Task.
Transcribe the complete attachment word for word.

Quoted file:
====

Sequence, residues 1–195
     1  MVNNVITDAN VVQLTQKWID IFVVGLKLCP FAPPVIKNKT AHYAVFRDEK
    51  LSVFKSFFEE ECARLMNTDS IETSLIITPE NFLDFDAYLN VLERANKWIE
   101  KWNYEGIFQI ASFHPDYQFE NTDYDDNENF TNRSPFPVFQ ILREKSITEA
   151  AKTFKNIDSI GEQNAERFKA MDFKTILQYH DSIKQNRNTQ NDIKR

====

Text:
Sequence, residues 1–195
     1  MVNNVITDAN VVQLTQKWID IFVVGLKLCP FAPPVIKNKT AHYAVFRDEK
    51  LSVFKSFFEE ECARLMNTDS IETSLIITPE NFLDFDAYLN VLERANKWIE
   101  KWNYEGIFQI ASFHPDYQFE NTDYDDNENF TNRSPFPVFQ ILREKSITEA
   151  AKTFKNIDSI GEQNAERFKA MDFKTILQYH DSIKQNRNTQ NDIKR